Clocking dark matter: optical clocks join the hunt for dark matter. (Courtesy: N Hanacek/NIST)
Topics: Dark Matter, Modern Physics, Quantum Mechanics
An optical clock has been used to set new constraints on a proposed theory of dark matter. Researchers including Jun Ye at JILA at the University of Colorado, Boulder, and Andrei Derevianko at the University of Nevada, Reno, explored how the coupling between regular matter and “ultralight” dark matter particles could be detected using the clock in conjunction with an ultra-stable optical cavity. With future upgrades to the performance of optical clocks, their approach could become an important tool in the search for dark matter.
Although it appears to account for about 85% of the matter in the universe, physicists know very little about dark matter. Most theoretical and experimental work so far has been focussed on hypothetical dark-matter particles, including WIMPS and axions, which have relatively large masses. Alternatively, some physicists have proposed the existence of “ultralight” dark matter particles with extremely small masses that span many orders of magnitude (10−16–10−21 eV/c2).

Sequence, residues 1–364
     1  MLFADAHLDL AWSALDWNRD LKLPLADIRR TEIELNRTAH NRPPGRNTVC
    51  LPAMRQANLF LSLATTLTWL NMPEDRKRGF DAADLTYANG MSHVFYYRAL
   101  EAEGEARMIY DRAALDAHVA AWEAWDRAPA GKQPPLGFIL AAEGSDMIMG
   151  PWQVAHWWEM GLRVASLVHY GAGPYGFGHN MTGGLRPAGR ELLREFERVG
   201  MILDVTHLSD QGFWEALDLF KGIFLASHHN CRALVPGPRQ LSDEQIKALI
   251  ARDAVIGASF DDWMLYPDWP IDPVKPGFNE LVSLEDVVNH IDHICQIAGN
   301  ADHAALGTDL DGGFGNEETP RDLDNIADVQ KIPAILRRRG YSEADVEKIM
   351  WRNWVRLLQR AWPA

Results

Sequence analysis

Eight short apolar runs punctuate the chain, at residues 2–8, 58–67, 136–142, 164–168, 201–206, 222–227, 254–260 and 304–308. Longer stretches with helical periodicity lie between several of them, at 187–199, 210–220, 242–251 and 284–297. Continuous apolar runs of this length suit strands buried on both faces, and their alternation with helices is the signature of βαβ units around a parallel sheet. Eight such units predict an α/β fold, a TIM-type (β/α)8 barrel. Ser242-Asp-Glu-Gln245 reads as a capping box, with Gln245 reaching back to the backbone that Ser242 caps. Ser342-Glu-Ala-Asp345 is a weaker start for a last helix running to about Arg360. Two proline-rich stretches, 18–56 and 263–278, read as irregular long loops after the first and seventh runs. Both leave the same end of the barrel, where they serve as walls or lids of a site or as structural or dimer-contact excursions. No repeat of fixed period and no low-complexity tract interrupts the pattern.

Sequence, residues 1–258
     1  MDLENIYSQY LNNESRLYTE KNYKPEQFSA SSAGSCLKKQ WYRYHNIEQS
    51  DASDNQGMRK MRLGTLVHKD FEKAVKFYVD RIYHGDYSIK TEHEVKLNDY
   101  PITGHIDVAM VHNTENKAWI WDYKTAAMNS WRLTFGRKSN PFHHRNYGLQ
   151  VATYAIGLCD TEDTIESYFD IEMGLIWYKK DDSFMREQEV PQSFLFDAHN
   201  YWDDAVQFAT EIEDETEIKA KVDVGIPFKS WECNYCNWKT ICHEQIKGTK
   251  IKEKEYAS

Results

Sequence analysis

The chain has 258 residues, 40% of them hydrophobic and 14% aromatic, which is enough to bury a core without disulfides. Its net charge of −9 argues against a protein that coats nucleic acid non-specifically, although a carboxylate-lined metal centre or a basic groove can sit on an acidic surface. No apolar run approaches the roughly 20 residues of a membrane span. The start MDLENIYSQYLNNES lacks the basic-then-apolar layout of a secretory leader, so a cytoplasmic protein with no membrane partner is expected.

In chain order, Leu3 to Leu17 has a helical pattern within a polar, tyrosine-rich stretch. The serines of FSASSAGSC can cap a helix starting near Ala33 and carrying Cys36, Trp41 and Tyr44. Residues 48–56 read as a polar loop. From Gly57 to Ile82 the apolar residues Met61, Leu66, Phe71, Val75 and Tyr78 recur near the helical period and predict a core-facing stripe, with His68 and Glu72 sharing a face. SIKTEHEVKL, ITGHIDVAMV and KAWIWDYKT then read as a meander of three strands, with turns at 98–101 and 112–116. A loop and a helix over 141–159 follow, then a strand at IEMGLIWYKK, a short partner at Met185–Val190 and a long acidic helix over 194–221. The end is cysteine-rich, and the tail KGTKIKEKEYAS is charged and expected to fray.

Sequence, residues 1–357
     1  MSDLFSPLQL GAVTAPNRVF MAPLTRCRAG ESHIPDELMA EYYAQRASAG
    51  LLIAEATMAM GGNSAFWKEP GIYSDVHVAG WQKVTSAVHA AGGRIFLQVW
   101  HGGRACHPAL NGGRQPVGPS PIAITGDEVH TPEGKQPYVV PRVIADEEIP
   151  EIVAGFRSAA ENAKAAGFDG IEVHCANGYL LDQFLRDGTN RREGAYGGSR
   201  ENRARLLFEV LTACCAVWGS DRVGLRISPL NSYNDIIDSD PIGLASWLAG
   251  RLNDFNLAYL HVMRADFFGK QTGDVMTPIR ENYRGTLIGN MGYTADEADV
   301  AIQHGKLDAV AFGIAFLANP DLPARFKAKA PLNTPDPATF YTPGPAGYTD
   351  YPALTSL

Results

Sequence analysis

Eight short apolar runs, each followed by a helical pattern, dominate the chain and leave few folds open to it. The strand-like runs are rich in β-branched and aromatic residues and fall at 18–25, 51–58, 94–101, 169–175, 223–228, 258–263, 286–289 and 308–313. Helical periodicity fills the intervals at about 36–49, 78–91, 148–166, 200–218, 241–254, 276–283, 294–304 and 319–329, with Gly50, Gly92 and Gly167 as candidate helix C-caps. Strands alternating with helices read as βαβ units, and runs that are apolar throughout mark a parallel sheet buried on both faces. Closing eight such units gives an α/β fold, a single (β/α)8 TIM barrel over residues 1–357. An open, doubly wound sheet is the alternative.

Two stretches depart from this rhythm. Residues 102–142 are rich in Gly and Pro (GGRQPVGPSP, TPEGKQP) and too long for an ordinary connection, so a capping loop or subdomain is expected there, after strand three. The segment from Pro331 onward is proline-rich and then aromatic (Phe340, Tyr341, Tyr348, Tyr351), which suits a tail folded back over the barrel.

According to the laws of quantum mechanics, the very smallest of these particles would have huge wavelengths, comparable to the sizes of entire dwarf galaxies – meaning they would behave like classical fields on scales we can easily measure.
Optical clock sets new constraints on dark matter, Sam Jarman, Physics World